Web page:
Ferguson, Missouri, has become the flashpoint in the racially charged debate over the relationship between law enforcement and blacks, but a USA Today analysis found notably higher arrest rates among blacks in 1,581 other police agencies across the country.
Twenty-two of those police departments are in the Lower Hudson Valley.
“I’m not surprised,” said Damon Jones, president of the Blacks in Law Enforcement of America chapter representing Westchester, Rockland and Putnam counties. “The majority of our departments are made up of Caucasian males, and we can’t deny that they bring their prejudices to the job. There are only a handful of blacks in policy-making and supervisory positions in the entire region. Another big factor is that most cops don’t live in the communities they serve, so they don’t make the kinds of connections that result in mutual respect. That’s something that needs to change.”
The USA Today analysis used arrests reported by agencies to the FBI in 2011 and 2012, along with U.S. Census data, to calculate the number of arrests per 1,000 black residents and compare that to the number of arrests per 1,000 nonblack residents. Not all agencies were considered; the police department had to have at least 200 arrests in both 2011 and 2012, and the municipality had to have at least 500 black residents.
Experts say there is no simple explanation for the disparities found in the analysis. They could be a result of biased policing, but also could be a byproduct of educational and economic gaps that are closely tied to overall crime rates.
David Harris, a University of Pittsburgh law professor and leading expert on racial profiling, told USA Today that the higher arrest rates for black people “does not mean that police are discriminating. It does mean it’s worth looking at. It means you might have a problem and you need to pay attention.”
While Ferguson police arrest blacks at a rate nearly three times higher than people of other races, data from the USA Today analysis show that the Mount Pleasant police department arrests black people nearly 13 times more than people of other races — more than any other in the Lower Hudson Valley. The department is facing lawsuits over the 2010 shooting death of Danroy Henry, a black Pace University football player killed by a white Pleasantville police officer.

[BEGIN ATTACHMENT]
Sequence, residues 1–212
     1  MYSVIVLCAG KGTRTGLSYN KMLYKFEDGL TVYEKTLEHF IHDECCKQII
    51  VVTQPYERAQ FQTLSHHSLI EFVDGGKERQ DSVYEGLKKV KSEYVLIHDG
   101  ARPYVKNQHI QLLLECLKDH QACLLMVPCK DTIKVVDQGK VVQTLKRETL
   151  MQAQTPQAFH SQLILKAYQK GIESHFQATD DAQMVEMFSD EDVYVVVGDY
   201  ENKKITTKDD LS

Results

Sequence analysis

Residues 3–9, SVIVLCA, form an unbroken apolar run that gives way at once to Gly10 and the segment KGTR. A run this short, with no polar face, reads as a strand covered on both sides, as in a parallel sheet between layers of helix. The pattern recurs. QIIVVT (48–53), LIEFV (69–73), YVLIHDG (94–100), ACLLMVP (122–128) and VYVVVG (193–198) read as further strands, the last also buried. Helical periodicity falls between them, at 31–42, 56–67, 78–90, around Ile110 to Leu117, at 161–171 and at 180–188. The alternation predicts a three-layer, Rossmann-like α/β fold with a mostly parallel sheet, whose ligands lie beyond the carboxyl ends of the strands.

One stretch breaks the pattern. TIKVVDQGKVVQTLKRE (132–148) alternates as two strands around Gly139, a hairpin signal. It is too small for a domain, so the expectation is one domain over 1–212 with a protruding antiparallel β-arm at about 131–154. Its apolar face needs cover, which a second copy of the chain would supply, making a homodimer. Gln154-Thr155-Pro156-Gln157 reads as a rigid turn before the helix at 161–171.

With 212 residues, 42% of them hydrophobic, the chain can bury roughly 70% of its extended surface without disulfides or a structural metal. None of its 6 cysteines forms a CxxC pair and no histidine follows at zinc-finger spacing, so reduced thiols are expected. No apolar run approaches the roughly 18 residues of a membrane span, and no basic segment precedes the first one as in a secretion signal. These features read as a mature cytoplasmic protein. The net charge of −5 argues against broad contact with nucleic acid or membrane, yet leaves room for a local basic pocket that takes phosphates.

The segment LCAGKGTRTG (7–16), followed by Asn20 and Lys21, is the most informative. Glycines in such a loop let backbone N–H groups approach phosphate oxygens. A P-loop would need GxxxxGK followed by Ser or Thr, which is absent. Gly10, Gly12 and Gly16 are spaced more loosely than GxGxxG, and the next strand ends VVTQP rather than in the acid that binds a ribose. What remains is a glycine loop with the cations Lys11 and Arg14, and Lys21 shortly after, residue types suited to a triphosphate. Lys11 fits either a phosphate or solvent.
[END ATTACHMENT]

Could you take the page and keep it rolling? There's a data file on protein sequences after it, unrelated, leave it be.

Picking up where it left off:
Mount Pleasant Police Chief Paul Oliva said two residential treatment centers for troubled youths in the town account for the disparity. Both facilities serve diverse populations, with many students being placed there by court orders.
Hawthorne Cedar Knolls and the Pleasantville Cottage School “consume a lot of our resources,” Oliva said. “There are frequent incidents at both facilities, and a large portion of our arrests come as a result of those incidents. Race isn’t a consideration; we arrest people who commit crimes.”
Stony Point, which arrests black people nearly five times more than those of other races — the largest disparity in Rockland County — has a small black population of 576 people, according to the 2010 U.S. census. That was just enough to include it in the analysis but Stony Point Police Chief Brian Moore took issue with its inclusion, saying that those who are arrested aren’t necessarily residents of the town.
Moore said his department has done its analysis on the 2012 statistics and found that whites are arrested by a 3-to-1 margin over minorities in Stony Point.
“When you have a small number, the numbers can get skewed,” he said. “We have a large transient population so I don’t think this involves our residents.”
In Clarkstown, where blacks are arrested at a rate four times higher than non-blacks, Police Chief Michael Sullivan said the Palisades Center, one of the country’s 10 biggest shopping malls, accounts for 10 to 15 percent of the department’s incidents and draws people from New York City and other urban areas. Sullivan said the department and mall security deal mostly with shoplifting and fraud at the businesses, but doesn’t have a breakdown based on race.
The only factor his officers take into consideration when making an arrest, he said, is the law.
“We have no racial preferences,” he said. “We do our jobs. We get a complaint, we act about it, whether it’s at the mall or on the streets. Our policy is to treat everybody equally, without passion or prejudice.”
Staff writer Hoa Nguyen contributed to this report.